Effects of sewage treatment plant effluents on mollusks and fish of the Clinch River in Tazewell County, Virginia
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The Clinch River is renown for its rich mollusk and fish assemblages, including many endemic species. New sewage treatment plants (STP's) have recently been constructed along the Clinch River in Virginia, raising concern because of the disappearance of mollusks below existing STP's. Field and laboratory studies were conducted to determine mollusk and fish distribution in proximity to two STP's in Tazewell County, and the tolerance of two mollusk species to mono chloramine and unionized ammonia, the major toxicants in domestic STP effiuent.
River reaches up to 3.75 km downstream of the STP outfalls at Tazewell and Richlands were depauperate of mussels. Tolerance to effluent seemed to vary among snails, sphaeriid clams, and the Asiatic clam Corbicula flumineaK. After an initial toxic zone below the Tazewell outfall, abundance of fish appeared to increase by 0.45 km below the outfall. The effluent at Richlands eliminated intolerant species, and more tolerant species were present as far as 0.45 km below the outfall.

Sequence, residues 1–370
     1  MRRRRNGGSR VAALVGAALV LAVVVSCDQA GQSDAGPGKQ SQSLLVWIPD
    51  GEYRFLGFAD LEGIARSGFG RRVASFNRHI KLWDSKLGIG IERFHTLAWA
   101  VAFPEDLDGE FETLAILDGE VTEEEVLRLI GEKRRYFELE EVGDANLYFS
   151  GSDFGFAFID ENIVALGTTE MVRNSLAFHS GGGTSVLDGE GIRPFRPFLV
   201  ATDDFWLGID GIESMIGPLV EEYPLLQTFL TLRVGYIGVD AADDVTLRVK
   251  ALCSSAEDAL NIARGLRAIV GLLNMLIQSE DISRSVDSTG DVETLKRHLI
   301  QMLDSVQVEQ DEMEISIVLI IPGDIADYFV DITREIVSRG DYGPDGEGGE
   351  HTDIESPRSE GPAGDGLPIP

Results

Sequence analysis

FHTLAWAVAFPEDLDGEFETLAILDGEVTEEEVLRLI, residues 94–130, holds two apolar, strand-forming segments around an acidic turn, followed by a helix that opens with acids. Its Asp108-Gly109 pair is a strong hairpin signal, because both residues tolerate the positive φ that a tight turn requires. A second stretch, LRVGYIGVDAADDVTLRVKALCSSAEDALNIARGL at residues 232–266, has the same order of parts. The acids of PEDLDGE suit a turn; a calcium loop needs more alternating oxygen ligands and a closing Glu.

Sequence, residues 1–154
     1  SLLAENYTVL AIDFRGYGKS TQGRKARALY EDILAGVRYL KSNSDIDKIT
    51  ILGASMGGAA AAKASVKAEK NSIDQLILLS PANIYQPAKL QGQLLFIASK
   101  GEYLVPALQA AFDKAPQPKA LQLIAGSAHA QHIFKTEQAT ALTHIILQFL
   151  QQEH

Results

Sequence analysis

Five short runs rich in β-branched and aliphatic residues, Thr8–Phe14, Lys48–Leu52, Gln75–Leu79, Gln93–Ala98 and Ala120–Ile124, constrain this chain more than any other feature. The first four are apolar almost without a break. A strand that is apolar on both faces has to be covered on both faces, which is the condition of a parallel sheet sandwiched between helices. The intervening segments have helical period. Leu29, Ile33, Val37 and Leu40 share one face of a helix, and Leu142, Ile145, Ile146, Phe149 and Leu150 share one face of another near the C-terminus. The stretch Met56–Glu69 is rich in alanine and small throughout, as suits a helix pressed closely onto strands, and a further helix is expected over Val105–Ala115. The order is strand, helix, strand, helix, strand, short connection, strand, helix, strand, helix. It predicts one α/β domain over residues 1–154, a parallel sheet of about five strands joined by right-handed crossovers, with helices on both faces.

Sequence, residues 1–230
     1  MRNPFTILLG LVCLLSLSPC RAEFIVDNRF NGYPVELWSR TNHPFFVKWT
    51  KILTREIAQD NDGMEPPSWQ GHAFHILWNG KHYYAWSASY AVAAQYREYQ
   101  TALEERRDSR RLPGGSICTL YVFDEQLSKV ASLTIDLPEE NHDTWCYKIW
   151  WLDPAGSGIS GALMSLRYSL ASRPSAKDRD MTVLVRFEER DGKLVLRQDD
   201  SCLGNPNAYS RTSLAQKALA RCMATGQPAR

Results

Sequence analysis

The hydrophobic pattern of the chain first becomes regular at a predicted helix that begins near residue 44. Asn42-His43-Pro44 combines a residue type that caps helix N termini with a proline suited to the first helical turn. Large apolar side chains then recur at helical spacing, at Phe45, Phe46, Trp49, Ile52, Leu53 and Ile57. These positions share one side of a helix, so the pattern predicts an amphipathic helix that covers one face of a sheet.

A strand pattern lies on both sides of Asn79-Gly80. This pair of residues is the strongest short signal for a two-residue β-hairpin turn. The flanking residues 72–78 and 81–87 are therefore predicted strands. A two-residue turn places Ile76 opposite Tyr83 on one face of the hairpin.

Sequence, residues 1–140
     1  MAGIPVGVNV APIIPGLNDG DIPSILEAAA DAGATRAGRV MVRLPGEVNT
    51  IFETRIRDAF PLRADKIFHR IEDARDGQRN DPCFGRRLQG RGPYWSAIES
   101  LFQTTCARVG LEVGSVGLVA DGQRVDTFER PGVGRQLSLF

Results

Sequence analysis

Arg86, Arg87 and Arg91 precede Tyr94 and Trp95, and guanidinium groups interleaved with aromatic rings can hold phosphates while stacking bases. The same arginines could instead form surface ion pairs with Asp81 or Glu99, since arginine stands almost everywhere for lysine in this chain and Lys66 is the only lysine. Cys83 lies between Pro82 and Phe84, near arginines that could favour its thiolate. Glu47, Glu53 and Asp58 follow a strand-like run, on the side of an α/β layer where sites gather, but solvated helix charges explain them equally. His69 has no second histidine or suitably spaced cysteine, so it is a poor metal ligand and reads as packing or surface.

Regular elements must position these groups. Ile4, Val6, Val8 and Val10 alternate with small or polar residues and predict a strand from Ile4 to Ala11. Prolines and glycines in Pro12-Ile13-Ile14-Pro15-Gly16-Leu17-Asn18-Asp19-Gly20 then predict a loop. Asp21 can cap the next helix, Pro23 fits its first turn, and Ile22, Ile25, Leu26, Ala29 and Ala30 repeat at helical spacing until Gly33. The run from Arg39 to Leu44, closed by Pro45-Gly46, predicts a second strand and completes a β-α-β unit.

Laboratory bioassays with glochidia of Villosa nebulosa resulted in 24-h EC50 and LC50 values of 0.042 and 0.084 mg/L monochloramine, respectively, and 24-h EC50 and LC50values of 0.237 and 0.284 mg/L unionized ammonia, respectively. Glochidia rank among the most sensitive invertebrates in their tolerance to these toxicants. The snail Pleurocera unciale unciale was moderately sensitive, with 96-h LC50 values of 0.252 mg/L mono chloramine and 0.742 mg/L unionized ammonia. Comparison of monochloramine and unionized ammonia concentrations monitored at 0.10 km below the outfalls indicated that mono chloramine was the major toxicant likely affecting fauna.
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